tres is a featherweight threaded resolver for POSIX. It currently consists of a single stand-alone test program that takes hosts to resolve on the command line and on stdin, echoing the results back on stdout.
It has been tested on Linux+gcc and FreeBSD+clang (and OpenBSD+whatever that uses, though the `Makefile`'s apparently GNU-specific), and I'm fairly confident it should work in other POSIX environments. Unfortunately, the test harness isn't terribly scriptable without either a ares_wait() method or more smarts in the test program. The latter is more appealing, as the former requires much more smarts in my dumb dispatcher and will push past the 500loc and almost braindead ignorance of most of the pthread API.
The goal is eventually to adapt this to Tcl_Thread such that it can be applied to the Tcl core and make asynchronous sockets truly asynchronous. There are a few bridges to cross first, and this isn't a high-priority project for me, so don't hold your breath.
Just make to build the executable ares. Run it with 0 or more hostnames to resolve on the command line. You can give more hostnames on stdin (one per line) to get those resolved too.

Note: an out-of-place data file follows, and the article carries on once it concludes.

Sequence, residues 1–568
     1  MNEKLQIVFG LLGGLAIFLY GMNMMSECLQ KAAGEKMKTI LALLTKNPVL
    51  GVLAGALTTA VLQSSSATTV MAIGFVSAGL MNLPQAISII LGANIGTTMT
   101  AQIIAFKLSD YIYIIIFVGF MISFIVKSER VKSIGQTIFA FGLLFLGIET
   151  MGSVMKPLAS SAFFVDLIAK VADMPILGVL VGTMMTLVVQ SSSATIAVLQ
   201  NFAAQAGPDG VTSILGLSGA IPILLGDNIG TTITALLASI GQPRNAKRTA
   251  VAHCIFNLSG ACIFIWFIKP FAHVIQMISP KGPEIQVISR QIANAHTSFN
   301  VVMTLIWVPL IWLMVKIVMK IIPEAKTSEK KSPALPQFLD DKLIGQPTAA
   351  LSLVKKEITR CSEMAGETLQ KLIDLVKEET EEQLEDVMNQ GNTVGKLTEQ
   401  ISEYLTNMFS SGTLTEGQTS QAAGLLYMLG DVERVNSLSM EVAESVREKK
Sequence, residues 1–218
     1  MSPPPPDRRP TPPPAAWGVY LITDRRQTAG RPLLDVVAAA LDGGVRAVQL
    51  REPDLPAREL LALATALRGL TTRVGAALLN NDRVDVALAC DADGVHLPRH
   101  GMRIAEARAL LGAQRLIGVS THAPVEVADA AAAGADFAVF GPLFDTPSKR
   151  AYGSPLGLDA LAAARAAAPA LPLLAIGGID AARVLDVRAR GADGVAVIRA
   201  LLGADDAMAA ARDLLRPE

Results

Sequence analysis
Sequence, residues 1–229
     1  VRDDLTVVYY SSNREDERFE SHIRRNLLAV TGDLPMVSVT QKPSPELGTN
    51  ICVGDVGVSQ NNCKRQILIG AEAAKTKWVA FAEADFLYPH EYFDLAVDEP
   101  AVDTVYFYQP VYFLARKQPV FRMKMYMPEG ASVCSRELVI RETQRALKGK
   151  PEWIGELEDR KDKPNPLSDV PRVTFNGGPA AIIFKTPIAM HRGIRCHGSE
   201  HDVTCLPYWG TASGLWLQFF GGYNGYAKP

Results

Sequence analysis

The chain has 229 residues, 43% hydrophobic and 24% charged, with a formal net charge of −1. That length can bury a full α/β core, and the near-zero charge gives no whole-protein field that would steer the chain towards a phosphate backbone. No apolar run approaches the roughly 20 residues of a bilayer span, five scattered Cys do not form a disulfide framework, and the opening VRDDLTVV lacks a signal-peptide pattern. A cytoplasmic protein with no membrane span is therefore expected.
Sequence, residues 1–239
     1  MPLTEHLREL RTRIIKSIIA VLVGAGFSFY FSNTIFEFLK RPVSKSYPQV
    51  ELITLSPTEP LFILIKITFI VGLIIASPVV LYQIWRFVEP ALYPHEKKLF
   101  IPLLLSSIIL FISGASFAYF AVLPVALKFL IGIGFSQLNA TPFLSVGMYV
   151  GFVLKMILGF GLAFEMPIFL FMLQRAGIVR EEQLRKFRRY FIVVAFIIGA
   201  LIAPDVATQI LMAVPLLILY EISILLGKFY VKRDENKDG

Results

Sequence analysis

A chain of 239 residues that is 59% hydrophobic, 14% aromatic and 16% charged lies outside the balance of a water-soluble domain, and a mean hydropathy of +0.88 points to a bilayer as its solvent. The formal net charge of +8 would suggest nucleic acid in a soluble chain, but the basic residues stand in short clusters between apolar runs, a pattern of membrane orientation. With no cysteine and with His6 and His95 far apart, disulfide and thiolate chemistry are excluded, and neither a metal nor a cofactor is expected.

An empty line on stdin will cause it to prune unused resolver threads. EOF will cause it to exit.
Hosts are resolved asynchronously, so output can be interleaved. Output for a single resolution looks something like:
request 'csiro.au' result 'csiro.au' = '184.108.40.206' result 'csiro.au' = '220.127.116.11' result 'csiro.au' = '2405:b000:e00:280::12:170' result 'csiro.au' = '2405:b000:b00:280::76:170' result 'csiro.au' = ''
Useful hostnames for testing
- localhost - returns very quickly without having to hit DNS
- nonexistent - NXDOMAIN
- example.bad.vpn.oc9.org - example of a completely down DNS server (thanks rkeene!)
- example.org - returns a single result for each of IPv4, IPv6
- $(head -c 6 /dev/random | base64).abstracted-spleen.org - a single IPv4 result that is almost guaranteed to not be in cache
- csiro.au - returns multiple IPv4 and IPv6 results
- tcl.tk - returns a single IPv4 result
Of course, some of these are allowed to change at the site administrator's whim.